Atama Yama (2003) is a short anime with a duration of about 10 minutes by Koji Yamamura. Having a simple story that cool to live as full of meaning. Unlike Inaka Isha (2007) who may be visually confusing, it looks more simple and will make us realize how important it is to appreciate the environment. Is this a form of call/invitation or criticism, which obviously this anime has the unique delivery and good intentions.. Altough it only has a simple meaning but this anime will make you nods..
Yamamura Kōji has a way of making his work feel more like I am listening to a variation of Japanese
theatre with surrealistic images in the background rather than watching an anime, which is a large part of what makes watching it so interesting! This verve for stage direction comes mostly from his choice of story adaptation, seiyuu and musical directors as much as from his execution or art style, which often leave its viewer wondering what really happened there. And while his art style is unique, where Yamamura Kōji really shines is how he tells a story.
In my review for Inaka
Isha I mentioned the feel of Noh theatre in the work; for this adaptation of traditional Japanese rakugo* story Atama Yama, director Yamamura Kōji tells the story using another kind of traditional Japanese fare - rōkyoku (also known as naniwa-bushi), which is a genre of traditional Japanese narrative singing generally accompanied by a shamisen.
To help execute his vision, Yamamura selected rōkyoku singer and bluegrass shamisen artist, Kunimoto Takeharu, to play the narrator and various members of the cast. Kunimoto, who has a real vocal flare for the dramatic, transports us to contemporary Tokyo, Yamamura's choice of setting for his stage, where we are shown a man too stingy to let go and too greedy to leave behind. Is this another surrealistic perspective of man's eternal dilemma of Eternity and Death or simply a moralistic play about the dangers of greed? While it doesn't answer any of the fundamental existential dilemmas or make us grow in our interpersonal relationships, it is still interesting to watch, if only because of the insights we gain into Japanese culture and tradition.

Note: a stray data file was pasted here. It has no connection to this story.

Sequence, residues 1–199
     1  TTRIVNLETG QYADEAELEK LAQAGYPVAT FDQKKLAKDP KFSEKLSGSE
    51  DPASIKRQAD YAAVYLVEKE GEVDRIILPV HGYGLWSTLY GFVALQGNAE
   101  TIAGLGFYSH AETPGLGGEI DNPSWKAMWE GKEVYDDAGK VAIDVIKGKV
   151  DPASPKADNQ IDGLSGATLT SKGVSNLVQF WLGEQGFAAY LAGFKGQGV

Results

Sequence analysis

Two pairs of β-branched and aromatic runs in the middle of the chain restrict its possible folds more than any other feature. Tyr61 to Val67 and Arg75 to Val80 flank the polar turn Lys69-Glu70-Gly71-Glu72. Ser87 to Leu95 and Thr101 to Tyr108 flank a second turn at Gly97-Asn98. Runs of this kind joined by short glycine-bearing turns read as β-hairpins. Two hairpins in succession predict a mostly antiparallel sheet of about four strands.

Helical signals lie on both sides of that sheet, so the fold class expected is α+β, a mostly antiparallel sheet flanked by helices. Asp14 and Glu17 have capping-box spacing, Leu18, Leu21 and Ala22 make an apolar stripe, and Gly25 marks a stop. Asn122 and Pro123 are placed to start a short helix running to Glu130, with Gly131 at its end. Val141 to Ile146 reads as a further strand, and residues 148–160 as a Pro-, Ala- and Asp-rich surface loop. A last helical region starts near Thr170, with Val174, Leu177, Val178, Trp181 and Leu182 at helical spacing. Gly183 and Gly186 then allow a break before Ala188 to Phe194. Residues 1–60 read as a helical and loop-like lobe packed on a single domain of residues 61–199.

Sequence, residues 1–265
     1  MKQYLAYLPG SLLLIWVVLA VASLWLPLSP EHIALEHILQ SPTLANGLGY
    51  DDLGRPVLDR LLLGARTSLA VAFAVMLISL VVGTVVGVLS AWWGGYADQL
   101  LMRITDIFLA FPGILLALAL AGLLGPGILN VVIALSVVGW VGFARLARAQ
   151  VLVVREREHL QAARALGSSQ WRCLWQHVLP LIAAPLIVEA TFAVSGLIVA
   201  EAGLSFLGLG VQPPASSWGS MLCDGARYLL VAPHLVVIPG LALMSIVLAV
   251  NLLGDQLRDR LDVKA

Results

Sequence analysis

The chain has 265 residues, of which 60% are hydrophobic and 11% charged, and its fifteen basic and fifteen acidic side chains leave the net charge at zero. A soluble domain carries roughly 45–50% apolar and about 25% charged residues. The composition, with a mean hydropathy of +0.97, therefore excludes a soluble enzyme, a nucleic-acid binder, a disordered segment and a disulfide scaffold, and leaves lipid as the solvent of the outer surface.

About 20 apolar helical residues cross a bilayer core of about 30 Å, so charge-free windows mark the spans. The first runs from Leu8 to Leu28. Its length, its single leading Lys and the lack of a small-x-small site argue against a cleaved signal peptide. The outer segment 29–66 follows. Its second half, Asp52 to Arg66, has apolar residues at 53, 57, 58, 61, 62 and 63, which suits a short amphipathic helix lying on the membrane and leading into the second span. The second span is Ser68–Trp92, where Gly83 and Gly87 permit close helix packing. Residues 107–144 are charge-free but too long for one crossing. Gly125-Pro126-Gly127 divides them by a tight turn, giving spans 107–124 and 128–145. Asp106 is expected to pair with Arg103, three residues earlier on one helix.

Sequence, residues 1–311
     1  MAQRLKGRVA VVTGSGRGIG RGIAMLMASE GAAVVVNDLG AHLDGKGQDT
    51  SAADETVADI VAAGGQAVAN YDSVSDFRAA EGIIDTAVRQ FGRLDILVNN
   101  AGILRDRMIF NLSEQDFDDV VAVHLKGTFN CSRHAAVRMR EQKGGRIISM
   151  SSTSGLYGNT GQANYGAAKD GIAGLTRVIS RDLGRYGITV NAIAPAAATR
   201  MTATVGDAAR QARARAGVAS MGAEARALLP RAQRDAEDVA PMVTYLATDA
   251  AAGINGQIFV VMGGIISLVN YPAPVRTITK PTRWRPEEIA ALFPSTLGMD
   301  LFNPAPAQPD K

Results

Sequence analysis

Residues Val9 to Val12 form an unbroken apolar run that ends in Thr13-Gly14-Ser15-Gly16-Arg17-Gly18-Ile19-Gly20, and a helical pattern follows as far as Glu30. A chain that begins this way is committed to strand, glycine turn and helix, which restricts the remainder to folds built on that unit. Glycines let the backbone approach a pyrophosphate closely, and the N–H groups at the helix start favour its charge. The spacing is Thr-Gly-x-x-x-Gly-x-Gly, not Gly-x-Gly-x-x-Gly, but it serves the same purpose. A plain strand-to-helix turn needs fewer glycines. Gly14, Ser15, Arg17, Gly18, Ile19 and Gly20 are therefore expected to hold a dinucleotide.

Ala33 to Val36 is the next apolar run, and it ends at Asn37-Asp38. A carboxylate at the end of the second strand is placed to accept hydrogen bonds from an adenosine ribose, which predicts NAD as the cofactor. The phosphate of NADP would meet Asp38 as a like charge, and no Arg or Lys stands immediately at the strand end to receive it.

One of the best parts about Yamamura's directing style is that he realizes how talented the people he hires are and basically lets them do their thing. This usually means that the seiyuu's skills at storytelling shine through with the first breath, and so it came as no surprise to me when the musical quality of Kunimoto Takeharu's voice took mine away. There were times watching this that I found myself unable to pay attention to the story because I was too busy listening to his narrative and the way he would change his voice or even how he paused to breathe. This alone would have been enough to capture my attentions, but when accompanied by the music of his shamisen, and at times a haunting violin as well, I went away chilled and thought to myself "I almost prefer to see this as a play rather than in it's animated form."
But see this once anyway, if only to hear the talented Kunimoto Takeharu tell you a story and listen to him play his shamisen.
*Rakugo (落語) is a type of Japanese verbal entertainment, originally known as karukuchi (軽口). A lone storyteller, called a rakugoka, (落語家) sits on a Kōza stage and using only a paper fan and a small cloth depicts a long and complicated comical story. The story always involves the dialogue of two or more characters, the difference between the characters depicted only through change in pitch, tone, and a slight turn of the head.
-- Information courtesy of Wikipedia
The When Marnie Was There nomination for Best Animated Feature Film at the upcoming Oscars 2016 is sure to provide a fair amount of exposure for Japanese animation. Let's explore the pioneers who opened up the door to the Academy Awards and gained attention and respect for our beloved medium.